Paludarium and Water Feature Basics
The Dude’s guide to Paludariums
Q: What is a paludarium?
A: A self controlled, efficient aquatic + land terrarium with full mechanical, biological and mechanical filtration reinforced by efficient fungi, bacteria and other mechanical process’ in the aquatic and terrestrial substrate.
Tips and tricks before getting started:
- Determine if you are using a 100% aquatic base vs 50%-50% land/water (whatever ratio you prefer and whatever works for your planned inhabitant).
- Always make sure your terrarium is waterproof and reinforced with silicone around any bulkheads and/or seals. This is the. aquarium safe silicone that we recommend.
- Ensure you have the ability to filter your water + perform water changes on a weekly to bi weekly basis. Full aspect of chemical, mechanical and biological filtration is recommended. It is not recommended to have a paludarium without filtration of any kind.
- Aquatic substrate is necessary when utilizing live plants and reinforcing your aquatic bacterial process’.
- When keeping fish and aquatic amphibians it is recommended to let the water cycle for at least 2 weeks prior to introducing any live animals.
- Provide lots of climbing areas for your arboreal or terrestrial critters to get out of the water.
The below video is great for a 70% land and 30% water paludarium:
When using a drainage layer, it is recommeneded to stay away from loose material and stick with a solid drainage layer, such as the Dude’s Supergrow or MATALA mat. These can be cut to size while giving you the strength to layer all of the necessary decor on top without compressing and disrupting air and water flow within the enclosure. In the event that is not possible, river rocks can be used entirely with a slope to create your “water edge.” From there simply place your screen divider on top and place your substrate and biodegradeables mixed throughout your land area.
When doing a 100% aquatic base your filter should be strong enough to handle the volume of gallons as required for clean water. Utilizing an aquatic base substrate, such as the FLUVAL Stratum layer is a great aquatic base when using live plants. A minimum of ¾” depth is necessary for proper bacterial and root development. Canister filters can be utilized with a strong aquarium pump by using the pumps energy to put water into the canister filter with the water naturally flowing out of the filter back into your terrarium. This is where you can get unique with your builds and water features. Other types of filtration such as sponge filters, whisper in tank filters can also be utilized for water quality. When creating your water features ensure to maintain the following:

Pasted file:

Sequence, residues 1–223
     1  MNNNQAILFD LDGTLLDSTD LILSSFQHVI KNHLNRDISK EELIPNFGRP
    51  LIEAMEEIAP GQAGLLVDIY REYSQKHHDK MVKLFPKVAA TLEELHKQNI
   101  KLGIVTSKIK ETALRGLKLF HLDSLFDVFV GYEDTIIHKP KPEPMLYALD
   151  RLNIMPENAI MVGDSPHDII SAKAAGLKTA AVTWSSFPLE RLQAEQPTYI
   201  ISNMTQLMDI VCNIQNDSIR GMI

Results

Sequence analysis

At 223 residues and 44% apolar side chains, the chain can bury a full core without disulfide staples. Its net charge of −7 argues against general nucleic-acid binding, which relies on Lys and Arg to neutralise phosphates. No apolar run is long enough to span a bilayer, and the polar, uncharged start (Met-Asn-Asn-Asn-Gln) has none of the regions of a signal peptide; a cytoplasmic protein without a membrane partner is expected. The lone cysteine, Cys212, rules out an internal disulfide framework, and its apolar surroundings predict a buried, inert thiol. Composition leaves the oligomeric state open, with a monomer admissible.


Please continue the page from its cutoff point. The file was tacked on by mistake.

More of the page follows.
- The tubing is not kinked or bent in any way that could disrupt water flow.
- Water flow is being aided by gravity, not going against it.
- Utilizing wood or rocks is a great way to create a waterfall. Ensuring all pieces are immovable and not able to be manipulated by the inhabitants.
- Your pump(inside the terrarium) is easily accessible for routine maintenance.
- The Dudes choices for rock decor, cork round and other types of wood are good options for waterfalls.
The Dudes Terra Flora substrate is our go to for amphibians, making it great for a paludarium set up. Retaining the moisture needed for the plants, and giving the animals ample places to burrow comfortably. Can be mixed in a bucket with biodegradables such as seed pods and wood pieces for the clean up crew, before adding it inside of the enclosure to make the process easier. Clean up crews should be burrowing isopods, such as Dwarf White or Dwarf Purple. Springtails will naturally float and will breed very quickly in your paludarium. There will be some isopod casualties from drowning.
Maintaining your aquatic, terrestrial and epiphyte plants can be a challenge. Many paludariums are tall, so a strong LED plant light or T5 Plant light is recommended. The following lights are great options when building a brilliant display paludarium:
When deciding your hardscape and plants it is very important to evaluate how well those plants and accents will handle the wet biome that is being created. Stay away from Grapevine and other soft woods that will mold very quickly. Woods such as Cork Bark, Ghostwood or Spider Wood are great options. They can be submerged or exposed and function just fine in your paludarium. Rocks are also great for your water features. Rock such as Pumice, Dragon Stone, Bone Stone, Wood Stone and Petrified Wood are a few of the options the Dude has used in his paludarium builds.
When selecting your plants, evaluating your lighting requirements, humidity requirements and how much abuse the plants can take should be all considered when building this paludarium for your inhabitant. Aquatic plants should be planted bare root and in the substrate unless otherwise noted. Ensure that your aquatic plants are grasping necessary light as they require as much light as your terrestrial and epiphyte plants.
The Dude Abides
- Josh Halter